The exhibition tells how, with the advent of the railroad, thousands of performers toured a vast network of theaters, bringing mass entertainment to America’s small towns. The vaudeville theater circuit reflected the country’s complex race and class dynamics and gave rise to new labor movements at the turn of the 20th century.

“Vaudeville was a snapshot of America in the moment it was happening,” says Eric Colleary, Cline Curator of Theatre and Performing Arts at the Ransom Center and organizer of the exhibition. “It captured some of the best and worst of society, and the jokes, songs and formulas developed by vaudevillians over a century ago can still be found in television, film and performance today.”

The exhibition is arranged in six sections and begins in the early days of American theater, exploring pantomime, puppetry, circus museums, minstrelsy and morality. The finale explains how, by the mid-20th century, vaudeville was transformed and found new relevance in musical theater, radio, film, television — and later, even the internet.

In between, sections explore the structure and content of a performance, the life of an entertainer, and popular vaudeville performers. Featured are Harry Houdini, Fanny Brice, Eddie Cantor, Bert Williams, George M. Cohan, Burns & Allen, Tony Pastor, the Nicholas Brothers, Barbette and others.

Among the earliest items in the exhibition is a 1783 letter from the citizens of Pennsylvania fighting against the building of a new theater, and letters from President Thomas Jefferson to the painter and early museum advocate Charles Willson Peale.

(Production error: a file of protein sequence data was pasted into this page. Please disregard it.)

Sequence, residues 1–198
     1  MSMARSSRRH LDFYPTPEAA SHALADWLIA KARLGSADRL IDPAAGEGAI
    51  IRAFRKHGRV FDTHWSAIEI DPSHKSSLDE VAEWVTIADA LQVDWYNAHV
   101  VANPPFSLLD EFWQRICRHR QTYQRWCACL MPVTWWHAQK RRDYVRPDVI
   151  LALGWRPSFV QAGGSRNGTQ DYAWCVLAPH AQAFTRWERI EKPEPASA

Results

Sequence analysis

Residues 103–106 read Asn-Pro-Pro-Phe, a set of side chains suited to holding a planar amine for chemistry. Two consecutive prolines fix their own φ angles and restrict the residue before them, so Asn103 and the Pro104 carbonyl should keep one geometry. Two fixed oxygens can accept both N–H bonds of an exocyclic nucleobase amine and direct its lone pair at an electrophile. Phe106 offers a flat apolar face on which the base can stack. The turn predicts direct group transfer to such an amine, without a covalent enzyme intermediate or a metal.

"Vaudeville!" will be on view in the Ransom Center Galleries on Mondays through Fridays from 10 a.m. to 5 p.m., with extended Thursday hours until 7 p.m. On Saturdays and Sundays the galleries are open from noon to 5 p.m. The exhibition is free and open to the public. Daily docent-led tours are offered at noon, Thursdays at 6 p.m., and Saturdays and Sundays at 2 p.m.

Dallas, TX - From Dorthea Lange to Annie Leibovitz, Heritage Auctions' inaugural Online Photographs Auction of 2018 brings iconic artwork from more than 80 artists across 170 lots to collectors Feb. 28, 2018 on HA.com. The diverse offerings span intriguing contemporary signed prints to 19th century orotone images by Edward Sheriff Curtis.

Ruth Bernhard’s 1952 Classic Torso (est. $6,000-8,000) is a 9-3/4-by-7-1/2-inch gelatin silver from a series of by the photographer of nude and semi-nude women - the subject for which Bernhard is perhaps best known.

Horst P. Horst’s 1989 Tulips (est. $4,000-6,000) is a gelatin silver image measuring 16-1/4 by 14-1/8 inches with the photographer’s blindstamp in margin recto; it is signed, titled, dated and inscribed in pencil on verso by Horst, considered one of the most significant photographers of the 20th century known for his elegant, glamorous images.

Elliott Erwitt’s 1974 New York City (est. $3,500-4,500) is a gelatin silver image measuring 11-5/8 by 17-1/2 inches and is signed, titled and dated in pencil on verso. One of the top photographers of his generation, Erwitt began shooting in the 1940s and developed a reputation for humanizing celebrity portraits and his humorous subjects.

William A. Garnett’s 1975 Sand Dune #1, Palm Desert, California (est. $3,500-4,500) is a gelatin silver image measuring 7 by 9 inches, and is signed in pencil in margin recto by Garnett, and titled and dated in pencil with the artist’s stamp on verso. Garnett, who is perhaps known best for his landscape and aerial photography, earned three Guggenheim fellowships for his landscape photographs.